I have a deep and abiding interest in the intersection of ecology and theology. It has characterized my whole ministry. So, it should come as no surprise to you that I look for every opportunity to “spread the Gospel” that the redemption of God is not only for human souls, but for body, creation, and all of it. The worship committee has helped introduce a “Season of Creation” reprieve to Ordinary Time in September for the past couple years—and that has gone swimmingly. But it also makes sense to celebrate God “For the Beauty of the Earth” when “All Things [are] Bright and Beautiful” as the old Celtic song we sang this past Sunday goes. If our attention to Celtic Christianity had anything to impart for us, it would probably be this—that the whole creation joins in the praise of God. That might be a little more apparent in the Spring, when things are new and fresh and green, when the dogwoods and redbuds are in bloom, and the tulips look about as vivid and vibrant as ever. Perhaps the lectionary committee that developed the “Season of Creation” not only chose September as the time of year to celebrate as a break in the long slog through Ordinary Time, but because in much of the world (such as Oklahoma) it is a time when the “Earth groaning for redemption” is apparent. It is dry and brown and hot in September, so that aspect of non-human yearning for God’s grace is most evident.
But the Spring is the other side of the coin. Earth shakes off the frost, and new life comes forth. It is a literal and physical embodiment of the Paschal message we celebrate at this time of year. Some Christians get kind of bent out of shape about the correlations made between the Pre-Christian symbols of the Germannic Pagan celebration of Eostre, a Spring-time fertility goddess, being so pervasive in our celebration of Christ’s Resurrection at Easter (all the rabbits and eggs and chicks, and the like) but I’m not really bothered. Springtime evidences the miracle of new birth and renewed life in and of itself. “So what” if the people who populated the world where Christianity had not yet arrived to tell the story of Jesus had come to that conclusion on their own and spoke about it in different terms? As Paul would say, I think this is simply a matter of the Gentiles having the “law written on their hearts.” The renewal of the Earth is non-human creation praising the Life-Giver.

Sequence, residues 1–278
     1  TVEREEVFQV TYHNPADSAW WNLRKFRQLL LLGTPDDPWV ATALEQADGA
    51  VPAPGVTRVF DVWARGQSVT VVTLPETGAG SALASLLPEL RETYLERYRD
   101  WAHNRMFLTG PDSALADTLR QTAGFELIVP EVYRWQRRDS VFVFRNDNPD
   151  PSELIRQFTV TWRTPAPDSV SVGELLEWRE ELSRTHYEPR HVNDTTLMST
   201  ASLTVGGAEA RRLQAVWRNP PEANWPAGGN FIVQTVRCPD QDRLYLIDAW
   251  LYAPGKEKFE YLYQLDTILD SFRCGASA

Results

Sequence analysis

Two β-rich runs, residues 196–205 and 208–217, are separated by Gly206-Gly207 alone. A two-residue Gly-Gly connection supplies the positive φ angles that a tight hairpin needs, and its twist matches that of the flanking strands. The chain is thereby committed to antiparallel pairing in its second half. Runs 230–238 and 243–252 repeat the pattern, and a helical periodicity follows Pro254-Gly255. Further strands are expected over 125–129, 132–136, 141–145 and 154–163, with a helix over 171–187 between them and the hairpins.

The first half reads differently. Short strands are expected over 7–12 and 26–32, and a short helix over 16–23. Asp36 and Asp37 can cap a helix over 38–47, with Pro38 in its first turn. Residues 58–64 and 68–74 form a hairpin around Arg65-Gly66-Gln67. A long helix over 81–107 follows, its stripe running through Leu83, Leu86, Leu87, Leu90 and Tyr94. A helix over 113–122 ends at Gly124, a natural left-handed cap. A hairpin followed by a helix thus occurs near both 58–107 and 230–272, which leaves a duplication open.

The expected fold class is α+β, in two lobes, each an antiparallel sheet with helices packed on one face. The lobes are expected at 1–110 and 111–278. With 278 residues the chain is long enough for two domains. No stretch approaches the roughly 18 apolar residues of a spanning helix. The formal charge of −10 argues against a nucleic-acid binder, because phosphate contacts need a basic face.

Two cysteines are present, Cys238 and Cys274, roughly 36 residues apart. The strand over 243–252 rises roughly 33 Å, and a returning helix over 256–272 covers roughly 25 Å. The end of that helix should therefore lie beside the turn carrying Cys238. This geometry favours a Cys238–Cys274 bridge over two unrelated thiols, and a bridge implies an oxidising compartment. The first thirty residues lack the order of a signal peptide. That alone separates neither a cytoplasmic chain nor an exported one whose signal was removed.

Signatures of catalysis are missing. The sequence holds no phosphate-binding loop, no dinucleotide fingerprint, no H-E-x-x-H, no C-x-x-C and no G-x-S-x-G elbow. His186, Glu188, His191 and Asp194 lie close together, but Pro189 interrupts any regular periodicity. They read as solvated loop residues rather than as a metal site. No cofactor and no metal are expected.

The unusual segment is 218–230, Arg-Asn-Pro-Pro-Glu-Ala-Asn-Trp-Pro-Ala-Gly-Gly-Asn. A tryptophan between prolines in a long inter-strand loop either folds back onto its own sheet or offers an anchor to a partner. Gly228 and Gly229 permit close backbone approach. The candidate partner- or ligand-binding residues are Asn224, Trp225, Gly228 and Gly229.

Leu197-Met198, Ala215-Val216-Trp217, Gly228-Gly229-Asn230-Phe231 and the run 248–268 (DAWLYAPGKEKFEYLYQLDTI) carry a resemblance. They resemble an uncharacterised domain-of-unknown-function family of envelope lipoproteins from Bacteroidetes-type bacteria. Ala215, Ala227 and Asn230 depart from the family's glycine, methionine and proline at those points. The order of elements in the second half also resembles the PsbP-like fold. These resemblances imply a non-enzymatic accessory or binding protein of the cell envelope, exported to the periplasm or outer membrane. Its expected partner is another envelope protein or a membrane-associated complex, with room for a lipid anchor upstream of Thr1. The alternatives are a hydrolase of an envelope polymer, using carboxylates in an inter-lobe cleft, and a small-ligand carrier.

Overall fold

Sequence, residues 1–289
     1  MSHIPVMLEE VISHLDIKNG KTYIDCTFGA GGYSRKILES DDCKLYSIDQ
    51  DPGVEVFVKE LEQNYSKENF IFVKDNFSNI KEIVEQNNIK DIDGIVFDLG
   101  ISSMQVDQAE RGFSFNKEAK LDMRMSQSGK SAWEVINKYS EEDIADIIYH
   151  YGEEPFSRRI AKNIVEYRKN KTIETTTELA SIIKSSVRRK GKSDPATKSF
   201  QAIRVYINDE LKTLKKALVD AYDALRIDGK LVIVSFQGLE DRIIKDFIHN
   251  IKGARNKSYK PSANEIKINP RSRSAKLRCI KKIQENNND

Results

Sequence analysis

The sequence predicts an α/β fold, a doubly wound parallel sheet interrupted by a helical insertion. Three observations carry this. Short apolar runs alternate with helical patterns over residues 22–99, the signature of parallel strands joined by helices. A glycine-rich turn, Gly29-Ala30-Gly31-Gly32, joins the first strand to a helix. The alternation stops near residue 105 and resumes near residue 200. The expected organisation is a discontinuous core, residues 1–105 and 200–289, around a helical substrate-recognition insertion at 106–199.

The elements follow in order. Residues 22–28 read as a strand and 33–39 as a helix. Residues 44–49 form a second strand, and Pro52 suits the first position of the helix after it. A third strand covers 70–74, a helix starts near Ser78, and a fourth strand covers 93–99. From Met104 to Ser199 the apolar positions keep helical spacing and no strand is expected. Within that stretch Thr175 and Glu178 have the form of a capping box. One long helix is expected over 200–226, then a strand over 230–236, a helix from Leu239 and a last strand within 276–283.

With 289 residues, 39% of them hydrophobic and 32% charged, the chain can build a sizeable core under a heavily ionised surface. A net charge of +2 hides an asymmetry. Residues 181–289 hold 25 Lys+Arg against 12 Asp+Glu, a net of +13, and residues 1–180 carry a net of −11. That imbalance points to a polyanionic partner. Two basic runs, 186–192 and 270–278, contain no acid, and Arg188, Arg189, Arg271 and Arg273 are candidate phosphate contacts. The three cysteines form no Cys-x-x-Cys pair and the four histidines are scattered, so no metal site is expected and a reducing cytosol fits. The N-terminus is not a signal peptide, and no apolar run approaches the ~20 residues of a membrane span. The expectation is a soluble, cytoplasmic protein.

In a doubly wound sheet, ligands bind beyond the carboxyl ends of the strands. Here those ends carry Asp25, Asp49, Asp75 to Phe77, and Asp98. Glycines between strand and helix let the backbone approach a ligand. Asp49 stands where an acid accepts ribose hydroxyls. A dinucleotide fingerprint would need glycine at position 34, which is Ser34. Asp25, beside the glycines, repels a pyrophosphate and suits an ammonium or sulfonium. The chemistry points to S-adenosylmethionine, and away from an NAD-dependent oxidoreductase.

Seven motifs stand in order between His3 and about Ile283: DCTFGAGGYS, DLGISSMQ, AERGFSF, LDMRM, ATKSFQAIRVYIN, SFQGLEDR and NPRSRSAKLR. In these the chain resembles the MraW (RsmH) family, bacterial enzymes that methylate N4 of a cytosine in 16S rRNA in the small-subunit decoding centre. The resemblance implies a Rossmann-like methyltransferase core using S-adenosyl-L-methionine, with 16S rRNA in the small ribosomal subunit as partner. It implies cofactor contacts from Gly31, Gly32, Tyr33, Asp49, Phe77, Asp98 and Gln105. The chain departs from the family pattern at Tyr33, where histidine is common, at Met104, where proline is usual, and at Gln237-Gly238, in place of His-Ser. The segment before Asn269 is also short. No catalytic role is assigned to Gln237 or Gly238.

Some wrong-headed Christians think celebrating Earth Day is some kind of Pagan Earth-worshipping moralism. Obviously, I disagree. Earth Day is when the secular culture’s attention is on the planet and its condition. It is an opportunity for Christians to proclaim the Gospel that is Good News for all of Creation and for us to acknowledge that as the Bible says, Earth itself proclaims the Gospel—and in the Spring it is fragrant and lovely.
Addendum: I finished this before hearing of the Boston Marathon Bombing that occurred on Monday afternoon. After ensuring that my sister and brother-in-law (who live in Boston) had not been spectators at the marathon, I gathered news like many of us—and what I saw and read disturbed and sickened me. It caused deep distress when I saw that one of the dead was an 8 year old boy whose face reminds me of my own son, who had been at the finish line to watch his father. His 6 year old sister lost a leg in the blast, and his mother is being treated for a brain injury. Oh God, reach out with your strong arm and comfort these people. Tuesday morning, I read a comment on a post I had shared on the church Facebook page about children’s books about God, in which Kristin Ruff recommended a story I hadn’t heard called “Old Turtle”. What a beautiful and poig-nant story, and a reminder, especially in light of the horrible events at the Boston Marathon, that much devastation is wrought “because the people could not remember who they were, or where God was.” I pray for that day when we as a species on this planet will “hear that voice like the growling of thunder, but as soft as butterfly sneezes: ‘Please Stop!’”